Topics:Private spaceflight, mission status, human spaceflight, International Space Station
The demise of an International Space Station-bound Falcon 9 rocket last month was likely caused by a broken liquid helium bottle strut, according to SpaceX CEO Elon Musk. Speaking to reporters by phone, Musk said the mishap, which occurred 139 seconds into the flight of CRS-7, flooded the upper stage liquid oxygen tank with excess helium. The tank overpressurized, ruptured, and the rocket disintegrated shortly thereafter.
"I do have to point out that this is an initial assessment, " Musk said. "Further investigation may reveal more over time."
High-pressure liquid helium bottles are stored inside the first and second stage liquid oxygen tanks. The helium, which is presurized to 5, 500 pounds per square inch, is used to replace spent propellant as the rocket ascends. This gives the tanks structural stability while providing the compression necessary to power the engines.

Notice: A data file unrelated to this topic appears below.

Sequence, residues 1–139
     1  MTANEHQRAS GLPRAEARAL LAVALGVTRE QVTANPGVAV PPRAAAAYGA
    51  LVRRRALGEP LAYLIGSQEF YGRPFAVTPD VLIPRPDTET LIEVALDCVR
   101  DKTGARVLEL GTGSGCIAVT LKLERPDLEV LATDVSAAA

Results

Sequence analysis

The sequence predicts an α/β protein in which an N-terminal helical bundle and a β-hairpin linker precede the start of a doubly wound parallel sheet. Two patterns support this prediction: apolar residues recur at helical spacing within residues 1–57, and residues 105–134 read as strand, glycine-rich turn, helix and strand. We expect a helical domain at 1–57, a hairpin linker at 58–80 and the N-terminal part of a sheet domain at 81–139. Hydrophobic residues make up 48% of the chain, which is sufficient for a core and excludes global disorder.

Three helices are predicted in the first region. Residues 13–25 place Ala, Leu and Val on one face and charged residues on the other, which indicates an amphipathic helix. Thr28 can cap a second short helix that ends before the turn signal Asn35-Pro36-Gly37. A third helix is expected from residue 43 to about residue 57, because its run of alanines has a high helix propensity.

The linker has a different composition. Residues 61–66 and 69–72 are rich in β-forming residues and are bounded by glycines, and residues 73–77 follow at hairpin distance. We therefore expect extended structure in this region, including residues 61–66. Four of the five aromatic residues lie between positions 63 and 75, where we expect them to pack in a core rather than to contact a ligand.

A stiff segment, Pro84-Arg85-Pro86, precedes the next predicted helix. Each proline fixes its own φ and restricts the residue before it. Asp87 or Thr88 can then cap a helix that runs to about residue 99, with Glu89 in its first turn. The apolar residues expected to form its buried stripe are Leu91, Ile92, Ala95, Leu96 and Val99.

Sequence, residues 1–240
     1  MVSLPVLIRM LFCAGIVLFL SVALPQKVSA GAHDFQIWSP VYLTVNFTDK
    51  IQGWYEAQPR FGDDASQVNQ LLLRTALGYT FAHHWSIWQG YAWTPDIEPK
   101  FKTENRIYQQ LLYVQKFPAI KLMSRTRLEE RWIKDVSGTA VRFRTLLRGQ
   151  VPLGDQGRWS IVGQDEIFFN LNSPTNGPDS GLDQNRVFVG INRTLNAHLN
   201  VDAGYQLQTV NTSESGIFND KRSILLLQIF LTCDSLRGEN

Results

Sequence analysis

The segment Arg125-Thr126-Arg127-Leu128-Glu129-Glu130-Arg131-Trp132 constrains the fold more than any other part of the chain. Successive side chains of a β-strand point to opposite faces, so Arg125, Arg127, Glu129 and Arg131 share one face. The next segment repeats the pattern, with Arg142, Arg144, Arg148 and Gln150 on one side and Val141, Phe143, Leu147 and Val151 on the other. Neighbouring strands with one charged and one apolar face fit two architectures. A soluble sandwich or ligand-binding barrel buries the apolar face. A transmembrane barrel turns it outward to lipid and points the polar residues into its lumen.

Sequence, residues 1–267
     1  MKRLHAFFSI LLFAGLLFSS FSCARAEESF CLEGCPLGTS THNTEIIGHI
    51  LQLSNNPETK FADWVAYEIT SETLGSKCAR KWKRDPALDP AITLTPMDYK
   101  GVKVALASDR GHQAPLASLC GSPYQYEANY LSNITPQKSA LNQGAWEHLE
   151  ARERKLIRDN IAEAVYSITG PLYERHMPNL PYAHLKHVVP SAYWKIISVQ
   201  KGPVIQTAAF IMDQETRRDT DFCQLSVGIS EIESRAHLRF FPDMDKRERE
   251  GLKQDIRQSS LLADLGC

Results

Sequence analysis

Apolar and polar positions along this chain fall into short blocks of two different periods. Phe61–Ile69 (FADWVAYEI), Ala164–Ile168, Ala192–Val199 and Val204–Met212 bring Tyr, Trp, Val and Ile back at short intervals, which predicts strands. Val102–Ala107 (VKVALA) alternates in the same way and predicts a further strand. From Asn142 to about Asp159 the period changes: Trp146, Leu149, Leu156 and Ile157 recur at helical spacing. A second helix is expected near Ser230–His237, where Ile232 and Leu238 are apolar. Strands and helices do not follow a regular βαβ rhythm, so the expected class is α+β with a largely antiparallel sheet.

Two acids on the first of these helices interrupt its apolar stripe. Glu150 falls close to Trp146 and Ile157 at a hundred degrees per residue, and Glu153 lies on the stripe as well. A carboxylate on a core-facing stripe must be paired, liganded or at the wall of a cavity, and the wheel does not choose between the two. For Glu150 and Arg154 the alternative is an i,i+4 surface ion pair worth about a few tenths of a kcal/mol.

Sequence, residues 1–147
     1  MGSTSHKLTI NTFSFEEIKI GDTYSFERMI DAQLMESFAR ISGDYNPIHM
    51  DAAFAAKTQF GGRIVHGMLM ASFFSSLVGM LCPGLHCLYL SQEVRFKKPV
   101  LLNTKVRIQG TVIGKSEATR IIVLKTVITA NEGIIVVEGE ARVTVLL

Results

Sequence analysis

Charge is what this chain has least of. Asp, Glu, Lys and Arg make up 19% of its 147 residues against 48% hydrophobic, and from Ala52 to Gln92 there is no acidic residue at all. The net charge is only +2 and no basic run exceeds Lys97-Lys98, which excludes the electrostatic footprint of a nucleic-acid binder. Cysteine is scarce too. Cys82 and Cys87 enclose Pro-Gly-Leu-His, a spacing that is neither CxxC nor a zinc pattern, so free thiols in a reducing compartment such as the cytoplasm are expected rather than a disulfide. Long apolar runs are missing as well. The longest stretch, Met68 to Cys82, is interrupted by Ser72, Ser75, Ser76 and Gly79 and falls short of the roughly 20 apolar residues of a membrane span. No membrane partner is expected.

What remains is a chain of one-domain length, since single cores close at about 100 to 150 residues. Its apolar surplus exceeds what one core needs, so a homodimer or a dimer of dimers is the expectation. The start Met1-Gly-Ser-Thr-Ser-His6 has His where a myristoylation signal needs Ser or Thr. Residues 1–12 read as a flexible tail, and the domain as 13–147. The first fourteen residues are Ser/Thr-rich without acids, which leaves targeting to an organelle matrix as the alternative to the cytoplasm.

Inside the upper stage liquid oxygen tank, a steel strut about two feet long and an inch wide at its thickest point appears to have snapped, Musk said. "One of those struts appears to have failed, and as a result was unable to hold the helium bottle down. So the helium bottle was shot to the top of the tank at high speed."
The strut was not made in-house by SpaceX, but Musk declined to name the supplier. Falcon components are tested on the ground, culminating with a hold-down engine firing a few days before launch. But no simulation can completely mimic the extreme forces of a ride to orbit, said Musk. When Falcon disintegrated, the rocket was experiencing about 3.2 times the force of gravity.
SpaceX CRS-7 liftoff video (NASA TV)
In launch videos, the gumdrop-shaped Dragon spacecraft can be seen tumbling away from Falcon through the cloud of rapidly venting liquid oxygen. Dragon continued to communicate with ground controllers until it fell behind the horizon, impacting in the Atlantic Ocean. The cargo carft was carrying 1.8 metric tons of ISS supplies, along with a docking adapter in its unpressurized trunk designed to allow future commercial crew vehicles to dock at the station.
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